The polymer was depolymerized by first forming a 50 percent solution of the dry polymer with 3900 parts of carbon tetrachloride. The solution was slowly added dropwise over a period of about 2 hours to a flask which was a part of a vacuum distillation apparatus. The temperature of the flask was adjusted to about 330° C. to about 360° C. at a reduced pressure of about 2 to about 5 millimeters of mercury. Almost instant depolymerization occurred as each drop was added. At the end of the addition, about 150 parts of a brittle charred residue remained in the flask. The depolymerized polymer was recovered as the distillate. To the distillate was added 45 parts magnesium oxide to destroy any residual Lewis acid which might repolymerize the newly obtained monomer cationically during the ensuing distillation. The distillate was then redistilled by fractional distillation to obtain a distillate having a boiling point of about 80° C. to about 90° C. at a reduced pressure of about 5 to 20 millimeters mercury. The distilled product had the following analysis shown in Table 1.
TABLE 1______________________________________Purity 99-100 percent (by gas chromatography)Boiling Point 81° C. at 7 millimeter mercury pressureDensity 1.345 at 25° C.Refractive Index 1.579 at 25° C.Melting Point 15° C.______________________________________
The infrared analysis in combination with the properties shown in Table 1 confirmed that the α-methyl-p-bromo-styrene monomer had been obtained.
Aqueous emulsion copolymerizations were conducted with the α-methyl-p-bromo-styrene obtained according to Example I. In one recipe, a 30/35/30 weight ratio of styrene/acrylonitrile/α-methyl-p-bromo-styrene monomer system was emulsion polymerized at a temperature in the range of about 50° to about 55° C. In a second recipe, a monomer system comprised 67/33 weight amounts of butadiene/α-methyl-p-bromo-styrene monomer system emulsion copolymerized at a temperature in the range of about 50° to about 55° C.
The recipe for several aqueous emulsion polymerizations is more clearly shown in the following Table 2.
TABLE 2______________________________________ A B C______________________________________Water 165 165 165Emulsifiers 5 5 5Potassium persulfate 0.5 0.5 0.5Styrene 35 35 25α-methyl-styrene 35 0 0α-methyl-p-bromo-styrene 0 35 50Acrylonitrile 30 30 25Mercaptan 0.5 0.5 0.5Shortstop 0.05 0.05 0.05Temperature (° F.) 100 100 100% Solids4 hours 2 6.6 158 hours 5.8 21.6 30.912 hours 25.6 36.7 34.616 hours 35.3 36______________________________________
The resulting emulsion copolymers were tested for flame retardancy and showed substantially improved results in accordance with ASTM D-635-56T. The favorable flame retardant results are more clearly shown in the following Table 3.
TABLE 3______________________________________Burn rate .88"/min self- self- extinguishing extinguishingSeconds burning timeafter ignition 13.3 2______________________________________
Thus, this example demonstrates that the α-methyl-p-bromo-styrene substantially enhances the flame retardancy of the styrene/acrylonitrile copolymer by causing it to be self-extinguishing as compared to simply using an α-methyl-styrene which demonstrated a burn rate of 0.88 inch per minute. Furthermore, it should be pointed out that the α-methyl-p-bromo-styrene of this invention demonstrated a more favorable and controllable reaction rate. Namely, the α-methyl-p-bromo-styrene demonstrated a reaction rate which was controllably faster than α-methyl-styrene, and therefore a more useful monomer for the purpose of copolymerization.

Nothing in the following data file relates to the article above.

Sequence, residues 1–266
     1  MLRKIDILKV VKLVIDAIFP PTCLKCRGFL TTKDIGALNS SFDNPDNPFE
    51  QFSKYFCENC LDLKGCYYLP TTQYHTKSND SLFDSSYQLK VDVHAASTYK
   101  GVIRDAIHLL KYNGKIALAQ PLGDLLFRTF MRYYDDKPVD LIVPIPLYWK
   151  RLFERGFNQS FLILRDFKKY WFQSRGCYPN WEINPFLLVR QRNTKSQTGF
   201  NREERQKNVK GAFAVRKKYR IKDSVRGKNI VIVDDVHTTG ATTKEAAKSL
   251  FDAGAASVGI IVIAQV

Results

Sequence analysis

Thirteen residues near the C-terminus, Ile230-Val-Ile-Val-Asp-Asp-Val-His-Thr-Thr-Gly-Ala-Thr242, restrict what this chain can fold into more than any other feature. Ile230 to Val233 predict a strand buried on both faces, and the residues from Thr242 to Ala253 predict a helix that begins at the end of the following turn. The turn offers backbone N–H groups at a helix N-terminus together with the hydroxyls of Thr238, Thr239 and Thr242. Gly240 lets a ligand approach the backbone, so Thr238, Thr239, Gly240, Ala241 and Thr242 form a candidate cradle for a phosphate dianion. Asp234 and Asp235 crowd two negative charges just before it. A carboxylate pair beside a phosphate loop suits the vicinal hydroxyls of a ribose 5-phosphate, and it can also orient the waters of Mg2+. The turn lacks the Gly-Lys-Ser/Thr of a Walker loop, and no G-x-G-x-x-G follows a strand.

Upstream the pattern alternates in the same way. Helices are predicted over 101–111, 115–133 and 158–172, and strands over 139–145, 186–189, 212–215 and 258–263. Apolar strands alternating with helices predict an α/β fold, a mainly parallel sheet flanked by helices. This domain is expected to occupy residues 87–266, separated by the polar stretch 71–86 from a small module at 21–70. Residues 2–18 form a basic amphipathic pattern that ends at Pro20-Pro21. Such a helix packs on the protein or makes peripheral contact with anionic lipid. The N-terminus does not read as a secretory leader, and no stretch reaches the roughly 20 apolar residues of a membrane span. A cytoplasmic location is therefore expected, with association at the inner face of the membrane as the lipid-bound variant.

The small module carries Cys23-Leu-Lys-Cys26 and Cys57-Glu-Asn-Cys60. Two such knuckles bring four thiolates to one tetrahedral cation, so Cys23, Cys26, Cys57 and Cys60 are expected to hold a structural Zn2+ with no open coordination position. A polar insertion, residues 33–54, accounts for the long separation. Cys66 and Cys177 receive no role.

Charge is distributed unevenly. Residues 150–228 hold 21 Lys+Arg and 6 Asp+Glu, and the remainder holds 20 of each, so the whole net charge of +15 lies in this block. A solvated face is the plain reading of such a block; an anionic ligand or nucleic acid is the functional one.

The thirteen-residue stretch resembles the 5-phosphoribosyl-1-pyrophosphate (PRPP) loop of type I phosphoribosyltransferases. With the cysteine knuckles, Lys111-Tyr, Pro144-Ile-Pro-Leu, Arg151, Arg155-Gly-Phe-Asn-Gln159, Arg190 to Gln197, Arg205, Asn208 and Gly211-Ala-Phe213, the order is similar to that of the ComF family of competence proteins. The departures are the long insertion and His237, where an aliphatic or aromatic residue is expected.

In the practice of this invention, poly(α-methyl-styrene) can be brominated as a solvent solution, utilizing an inert solvent which is essentially non-reactive in the polymerization system. Particularly preferred are liquid chlorinated aliphatic hydrocarbons containing 1 to 2 carbon atoms. Representative of such chlorinated hydrocarbons are carbon tetrachloride, chloroform, methylene chloride, dichloro ethane, trichloro ethane and tetrachloro ethane. Generally, carbon tetrachloride is preferred. In the preparation of the solution, various amounts of the α-methyl-styrene can be used. Generally, a solution containing about 10 to about 40 and even up to about 50 weight percent α-methyl-styrene is desired, depending primarily upon viscosity and solubility limitations relating to temperature used and the molecular weight of the α-methyl-styrene itself. In these examples, an α-methyl-styrene having a molecular weight in the range of about 1,000 to about 5,000 was used.
As described in these examples, the α-methyl-p-bromo-styrene can be used as a co-monomer for enhancing the flame retardancy of copolymers in accordance with ASTM Test No. D-635-56T. Similarly, the α-methyl-p-bromo-styrene of this invention can be suitably used to enhance the flame retardancy of polymers and copolymers earlier described in this specification through solution and emulsion copolymerizations.
In the bromination reaction used in this invention, the reaction rate can be enhanced by conducting the bromination in the presence of a Lewis acid. Representative of the various Lewis acids are ferric chloride, ferric bromide, aluminum chloride, aluminum bromide and zinc chloride. Typically, only very small amounts of such catalysts need to be present, when used, such as from about 0.05 weight percent to about 0.5 or 1 weight percent based on the α-methyl-styrene.
While certain representative embodiments and details have been shown for the purpose of illustrating the invention, it will be apparent to those skilled in this art that various changes and modifications may be made therein without departing from the spirit or scope of the invention.
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|U.S. Classification||526/293, 526/229, 526/914, 526/240, 526/329.4, 526/279, 526/75, 526/278, 525/333.4, 525/356, 526/329.2|
|International Classification||C08F212/14, C08F8/50|
|Cooperative Classification||C08F8/50, Y10S526/914, C08F212/14|
|European Classification||C08F8/50, C08F212/14|